For transgender or non-binary patients, barriers to accessing medical care often begin as soon as they enter their doctor’s office. While many patients don’t think twice about sex or gender issues when filling out patient admission forms in the waiting room, for the over 1 million transgender people living in the states – United only, answering such questions can be difficult. – especially when these forms contain outdated or discriminatory language.

According to Clair Kronk, PhD, postdoctoral fellow in medical informatics, policies for collecting data on sexual orientation and gender identity (SOGI) are often put in place in healthcare facilities without sufficient knowledge to meet the needs of patients. transgender patients. To address common biases in electronic health record (EHR) systems, transgender researchers from institutions in the United States and Canada partnered with Kronk as lead author to publish an article in the Journal of the American Medical Informatics Association. They presented their recommendations for improving the representation of EHR data in a way that improves the transgender patient experience as well as gender research.

“This is the first time that 17 trans writers have come together and said, ‘This is what we want and what we need,'” says Kronk. “Many current standards and recommendations may have only one transgender author. But the whole research paradigm should be “nothing about us without us”.

About a third of transgender patients reported negative interactions with their healthcare providers, and fear of abuse deters 23% from seeking care, according to a survey by the National Center for Transgender Equality. Transgender people cited gender abuse, pathologization and other forms of discrimination as reasons to avoid their doctor’s office. For example, discriminatory terms such as “sodomy”, “transvestite fetishism” and “transsexual syndrome”, the authors report, are still used by some health professionals. Further, they continue, although many transgender people are neurodiverse, it is not uncommon for other transgender patients to see their transgender herself characterized as schizophrenia, borderline personality disorder, autism or other disorders.

To combat the forms of discrimination that persist in electronic health records, Kronk’s team performed an in-depth literature review and presented recommendations for improving SOGI data collection.

“Implementing these recommendations will allow for more individualized care at the patient level, which is not only positive, but also consistent with current research on best practices and standards of care,” says Kronk.

In a 2018 study of 365 Canadian medical schools, only 6% of medical students said they felt they had adequate knowledge about transgender care. Due to this glaring lack of knowledge in the medical communities, many providers do not know how to ask for a patient’s gender identity. Obsolete terms such as “MTF” (male to female), “FTM” (female to male) and “transgender male / female” are still frequently used in EHR systems. Additionally, the inclusion of an “other” category on patient forms is exclusionary language that can alienate transgender or non-binary people.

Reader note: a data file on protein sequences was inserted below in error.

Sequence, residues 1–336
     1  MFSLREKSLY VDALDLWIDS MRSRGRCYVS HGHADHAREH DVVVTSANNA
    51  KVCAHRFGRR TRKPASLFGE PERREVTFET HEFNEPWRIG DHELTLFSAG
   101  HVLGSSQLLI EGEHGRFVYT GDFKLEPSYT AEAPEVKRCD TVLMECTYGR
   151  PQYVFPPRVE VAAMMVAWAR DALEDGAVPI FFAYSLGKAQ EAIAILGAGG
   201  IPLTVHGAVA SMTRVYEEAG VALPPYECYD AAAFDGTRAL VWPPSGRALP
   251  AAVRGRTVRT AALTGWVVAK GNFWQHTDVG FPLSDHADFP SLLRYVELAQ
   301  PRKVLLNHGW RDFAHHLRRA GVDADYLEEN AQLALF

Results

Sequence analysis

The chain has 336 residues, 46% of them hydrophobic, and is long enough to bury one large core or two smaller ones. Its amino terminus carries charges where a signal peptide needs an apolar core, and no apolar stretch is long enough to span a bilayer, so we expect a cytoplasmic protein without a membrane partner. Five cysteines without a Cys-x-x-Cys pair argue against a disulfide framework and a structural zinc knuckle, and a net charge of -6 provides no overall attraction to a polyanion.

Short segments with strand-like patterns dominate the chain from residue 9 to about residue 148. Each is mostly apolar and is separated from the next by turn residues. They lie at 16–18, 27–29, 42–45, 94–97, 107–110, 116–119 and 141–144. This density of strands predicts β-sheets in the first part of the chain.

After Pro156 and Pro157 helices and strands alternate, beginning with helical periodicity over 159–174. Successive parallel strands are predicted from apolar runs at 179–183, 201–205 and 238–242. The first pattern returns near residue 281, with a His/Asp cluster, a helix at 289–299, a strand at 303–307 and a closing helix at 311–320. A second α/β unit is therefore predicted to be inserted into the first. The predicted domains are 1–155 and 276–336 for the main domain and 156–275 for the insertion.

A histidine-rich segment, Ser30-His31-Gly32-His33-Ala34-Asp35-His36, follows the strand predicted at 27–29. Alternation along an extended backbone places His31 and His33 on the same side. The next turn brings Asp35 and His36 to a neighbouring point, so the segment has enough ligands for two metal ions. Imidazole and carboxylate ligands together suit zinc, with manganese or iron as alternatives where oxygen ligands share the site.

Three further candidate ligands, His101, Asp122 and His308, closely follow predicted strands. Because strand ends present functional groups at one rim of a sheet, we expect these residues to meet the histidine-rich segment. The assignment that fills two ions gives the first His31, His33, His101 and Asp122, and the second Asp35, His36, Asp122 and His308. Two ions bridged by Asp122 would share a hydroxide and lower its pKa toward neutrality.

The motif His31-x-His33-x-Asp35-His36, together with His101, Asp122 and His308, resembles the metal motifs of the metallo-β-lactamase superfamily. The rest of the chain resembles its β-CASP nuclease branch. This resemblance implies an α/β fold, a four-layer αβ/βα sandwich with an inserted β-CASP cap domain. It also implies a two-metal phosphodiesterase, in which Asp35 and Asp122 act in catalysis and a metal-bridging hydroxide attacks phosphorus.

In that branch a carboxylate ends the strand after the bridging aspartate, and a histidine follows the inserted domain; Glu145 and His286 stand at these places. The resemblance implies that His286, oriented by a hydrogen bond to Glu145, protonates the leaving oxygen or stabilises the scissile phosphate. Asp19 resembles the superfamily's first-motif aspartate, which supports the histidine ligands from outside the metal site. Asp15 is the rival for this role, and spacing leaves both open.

Instead, the authors ask the American Medical Informatics Association and its members to take a two-step self-identification approach when collecting data related to a patient’s SOGI. This method (see figure) allows individuals to specify both their gender identity (female, male, non-binary, interrogative, unlisted or prefer not to disclose) and the gender assigned to them at birth, or gender that appears on their birth certificate. This approach, according to the authors, not only validates the identity of patients, but also allows for more in-depth and precise data analysis.

“We can’t do clinical trials if we don’t form the groups properly,” says Kronk. “This method will facilitate the construction of research cohorts. In addition, the two-step method, write the authors, has been recommended by several leading institutions, including the UCSF Center of Excellence for Transgender Health, Fenway Health in Boston, the Mayo Clinic and the United States Centers for Disease Control and Prevention.

In addition to endorsing the two-step method, the authors also review the pros and cons of karyotyping and organ inventories, processes used to examine patients’ chromosomes and better understand their anatomy, respectively. Although there are cases in which taking these measurements can provide important health information, they are not always medically necessary. The authors call for more research on the ethical implementation of these two processes.

Ultimately, Kronk says, taking these steps is just a starting point for optimizing care for transgender and other marginalized patients. Last year, she was eliminated from a COVID-19 vaccine trial after revealing her transgender status. But how, she asks, can providers provide equitable care to transgender and non-binary people when they are excluded from medical research? Kronk hopes his team’s recommendations will help promote greater representation of diverse groups in clinical trials.

“Our long-term goal is to create better health standards that are more equitable,” says Kronk. “And we hope this will also involve funding and training, and keep providers informed of their potential biases and how we can facilitate their elimination. “

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